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Old 06-03-2013, 02:12 PM
mbaddah (Mohammed)
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Best way to image Panstarrs?

Was wondering what would be the best way to image Comet Panstarrs tonight with a fixed tripod (no tracking) ? I'm going to try and have a shot at it tonight if the coast is clear.

Thanks
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Old 06-03-2013, 03:01 PM
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rogerg (Roger)
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For wide field images, fixed tripod is no problem for Panstarrs because it and the twilight sky behind it are quite bright so exposure times are limited anyhow.

I would recommand a focal length of approx 150mm or less and exposure times of less than 10 seconds. Edit: suggest aiming for ~80mm and go from there.

My shots last night were mostly with the tracking turned off so that the foreground wasn't trailed, and the exposure times were between 2 and 10 seconds at 800ISO and between F/4 and F/10. It all depends on the stage of twilight as to when the sky background will over expose.

Hopefully you have a cable release or such, that's probably the most critical other factor I think.

If you had a tracking mount you could do longer focal length and longer exposures but you won't miss it in this case I don't think
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Old 06-03-2013, 03:05 PM
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multiweb (Marc)
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Quote:
Originally Posted by mbaddah View Post
Was wondering what would be the best way to image Comet Panstarrs tonight with a fixed tripod (no tracking) ? I'm going to try and have a shot at it tonight if the coast is clear.

Thanks
Short answer: dodge clouds (if you're in Sydney). Trying that one tonight weather permits with a 200mm lens. But the western horizon is looking pretty gloomy...
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Old 06-03-2013, 03:32 PM
mbaddah (Mohammed)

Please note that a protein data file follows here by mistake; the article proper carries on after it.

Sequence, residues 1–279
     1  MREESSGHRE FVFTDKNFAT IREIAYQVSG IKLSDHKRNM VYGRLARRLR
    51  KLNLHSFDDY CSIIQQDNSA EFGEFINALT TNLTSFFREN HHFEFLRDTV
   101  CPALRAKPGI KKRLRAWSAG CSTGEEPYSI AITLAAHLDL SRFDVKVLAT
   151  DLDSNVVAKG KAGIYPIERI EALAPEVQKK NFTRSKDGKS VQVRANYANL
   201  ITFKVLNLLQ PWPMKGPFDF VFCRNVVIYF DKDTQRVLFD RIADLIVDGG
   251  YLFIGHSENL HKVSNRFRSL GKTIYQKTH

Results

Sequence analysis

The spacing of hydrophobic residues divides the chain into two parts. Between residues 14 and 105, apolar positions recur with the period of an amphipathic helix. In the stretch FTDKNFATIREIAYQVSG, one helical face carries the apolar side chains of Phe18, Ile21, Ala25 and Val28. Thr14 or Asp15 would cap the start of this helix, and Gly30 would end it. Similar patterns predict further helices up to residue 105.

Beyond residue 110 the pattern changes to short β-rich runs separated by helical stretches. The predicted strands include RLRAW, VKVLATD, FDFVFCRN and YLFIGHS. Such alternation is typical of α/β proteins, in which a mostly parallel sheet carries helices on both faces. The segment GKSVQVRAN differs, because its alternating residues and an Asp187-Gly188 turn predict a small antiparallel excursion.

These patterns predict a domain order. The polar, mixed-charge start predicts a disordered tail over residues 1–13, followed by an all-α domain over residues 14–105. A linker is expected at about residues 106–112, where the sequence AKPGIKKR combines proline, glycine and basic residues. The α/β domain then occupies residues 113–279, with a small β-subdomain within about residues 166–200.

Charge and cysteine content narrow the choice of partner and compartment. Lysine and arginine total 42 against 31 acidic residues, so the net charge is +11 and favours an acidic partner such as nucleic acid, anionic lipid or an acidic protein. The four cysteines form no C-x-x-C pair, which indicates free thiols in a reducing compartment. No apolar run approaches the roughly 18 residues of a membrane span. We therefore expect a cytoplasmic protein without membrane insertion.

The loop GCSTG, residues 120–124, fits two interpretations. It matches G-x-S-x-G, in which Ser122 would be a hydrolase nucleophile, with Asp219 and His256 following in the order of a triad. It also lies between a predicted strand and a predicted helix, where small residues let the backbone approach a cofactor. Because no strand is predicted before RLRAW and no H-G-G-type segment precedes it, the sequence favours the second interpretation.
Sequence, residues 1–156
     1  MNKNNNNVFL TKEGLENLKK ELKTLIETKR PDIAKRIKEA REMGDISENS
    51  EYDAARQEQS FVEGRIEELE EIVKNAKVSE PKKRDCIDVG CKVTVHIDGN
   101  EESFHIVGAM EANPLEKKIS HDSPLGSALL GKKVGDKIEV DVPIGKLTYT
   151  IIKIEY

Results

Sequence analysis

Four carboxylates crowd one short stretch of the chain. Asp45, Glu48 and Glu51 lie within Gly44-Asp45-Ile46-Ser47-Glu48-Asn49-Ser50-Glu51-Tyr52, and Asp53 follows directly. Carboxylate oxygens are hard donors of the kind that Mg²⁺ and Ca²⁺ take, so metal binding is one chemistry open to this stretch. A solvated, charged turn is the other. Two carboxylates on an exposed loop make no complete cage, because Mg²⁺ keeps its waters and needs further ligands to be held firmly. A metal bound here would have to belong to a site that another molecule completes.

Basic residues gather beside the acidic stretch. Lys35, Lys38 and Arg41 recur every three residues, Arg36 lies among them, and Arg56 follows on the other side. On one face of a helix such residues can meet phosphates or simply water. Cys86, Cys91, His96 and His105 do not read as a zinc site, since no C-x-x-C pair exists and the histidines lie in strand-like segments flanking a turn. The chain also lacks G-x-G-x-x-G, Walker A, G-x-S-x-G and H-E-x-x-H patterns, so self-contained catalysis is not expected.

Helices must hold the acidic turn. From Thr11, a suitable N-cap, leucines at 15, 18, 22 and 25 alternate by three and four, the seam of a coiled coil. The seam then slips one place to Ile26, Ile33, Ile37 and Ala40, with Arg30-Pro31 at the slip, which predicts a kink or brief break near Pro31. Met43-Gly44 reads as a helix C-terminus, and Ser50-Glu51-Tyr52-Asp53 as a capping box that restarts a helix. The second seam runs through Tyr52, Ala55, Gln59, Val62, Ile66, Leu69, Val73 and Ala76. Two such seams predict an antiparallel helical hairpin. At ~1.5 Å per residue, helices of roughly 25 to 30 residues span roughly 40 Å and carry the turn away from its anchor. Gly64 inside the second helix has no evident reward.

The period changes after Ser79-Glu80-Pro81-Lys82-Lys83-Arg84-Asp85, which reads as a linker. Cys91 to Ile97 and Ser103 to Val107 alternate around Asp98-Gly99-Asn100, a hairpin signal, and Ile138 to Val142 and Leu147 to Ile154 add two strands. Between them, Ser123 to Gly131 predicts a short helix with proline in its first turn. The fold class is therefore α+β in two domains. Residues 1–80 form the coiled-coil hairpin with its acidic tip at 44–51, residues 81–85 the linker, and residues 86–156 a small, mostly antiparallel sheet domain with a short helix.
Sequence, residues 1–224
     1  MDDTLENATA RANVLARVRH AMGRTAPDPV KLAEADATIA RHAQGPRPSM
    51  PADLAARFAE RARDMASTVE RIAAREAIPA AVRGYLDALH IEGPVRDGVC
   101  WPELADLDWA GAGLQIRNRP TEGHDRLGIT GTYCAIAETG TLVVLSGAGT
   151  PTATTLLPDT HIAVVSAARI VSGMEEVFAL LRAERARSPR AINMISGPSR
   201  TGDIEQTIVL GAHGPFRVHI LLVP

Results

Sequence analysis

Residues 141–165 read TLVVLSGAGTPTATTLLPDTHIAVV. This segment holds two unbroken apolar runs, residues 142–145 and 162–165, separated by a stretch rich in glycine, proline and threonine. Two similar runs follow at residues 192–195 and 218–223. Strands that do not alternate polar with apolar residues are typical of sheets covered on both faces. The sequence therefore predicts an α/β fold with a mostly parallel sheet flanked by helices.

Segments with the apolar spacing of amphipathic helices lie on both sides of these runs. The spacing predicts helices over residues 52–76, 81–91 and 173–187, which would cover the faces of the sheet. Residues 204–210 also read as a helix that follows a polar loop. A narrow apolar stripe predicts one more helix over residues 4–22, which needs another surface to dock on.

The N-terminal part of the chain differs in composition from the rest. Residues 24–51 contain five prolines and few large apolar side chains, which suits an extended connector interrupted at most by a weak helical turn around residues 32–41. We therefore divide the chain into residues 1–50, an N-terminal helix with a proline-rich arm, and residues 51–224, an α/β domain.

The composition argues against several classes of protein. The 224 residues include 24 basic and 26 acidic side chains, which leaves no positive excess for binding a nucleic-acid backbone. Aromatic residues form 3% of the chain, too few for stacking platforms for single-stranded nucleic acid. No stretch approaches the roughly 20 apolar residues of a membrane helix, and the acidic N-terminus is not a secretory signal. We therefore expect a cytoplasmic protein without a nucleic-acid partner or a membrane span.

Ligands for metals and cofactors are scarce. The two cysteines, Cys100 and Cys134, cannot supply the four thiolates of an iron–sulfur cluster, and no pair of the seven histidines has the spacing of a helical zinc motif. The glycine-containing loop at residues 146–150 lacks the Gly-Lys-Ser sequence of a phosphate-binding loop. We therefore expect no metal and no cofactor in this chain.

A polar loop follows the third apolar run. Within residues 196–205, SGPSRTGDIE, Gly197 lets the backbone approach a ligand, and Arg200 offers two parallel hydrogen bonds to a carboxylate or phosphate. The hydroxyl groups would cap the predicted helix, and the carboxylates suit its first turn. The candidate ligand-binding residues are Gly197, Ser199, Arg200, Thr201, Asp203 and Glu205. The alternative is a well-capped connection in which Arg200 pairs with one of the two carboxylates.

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Quote:
Originally Posted by rogerg View Post
For wide field images, fixed tripod is no problem for Panstarrs because it and the twilight sky behind it are quite bright so exposure times are limited anyhow.

I would recommand a focal length of approx 150mm or less and exposure times of less than 10 seconds. Edit: suggest aiming for ~80mm and go from there.

My shots last night were mostly with the tracking turned off so that the foreground wasn't trailed, and the exposure times were between 2 and 10 seconds at 800ISO and between F/4 and F/10. It all depends on the stage of twilight as to when the sky background will over expose.

Hopefully you have a cable release or such, that's probably the most critical other factor I think.

If you had a tracking mount you could do longer focal length and longer exposures but you won't miss it in this case I don't think
Thanks Roger for the tips. Hopefully the clouds part on the western horizon and can get something decent. Have you had a chance to image Panstarrs with the astrotrac?
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Old 06-03-2013, 04:02 PM
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iceman (Mike)
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Looking good for tonight, my first opportunity to see it!
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Old 06-03-2013, 04:04 PM
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rogerg (Roger)
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Originally Posted by mbaddah View Post
Thanks Roger for the tips. Hopefully the clouds part on the western horizon and can get something decent. Have you had a chance to image Panstarrs with the astrotrac?
Every night I use a mix of tracking and not tracking on the AstroTrac. It's critical to my success
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Old 06-03-2013, 07:28 PM
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mithrandir (Andrew)
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Originally Posted by multiweb View Post
Short answer: dodge clouds (if you're in Sydney). Trying that one tonight weather permits with a 200mm lens. But the western horizon is looking pretty gloomy...
100% correct. It would have been great if you wanted a 10 band of red/orange glowing cloud. Every other horizon was fine.
The forecast for tomorrow looks promising.
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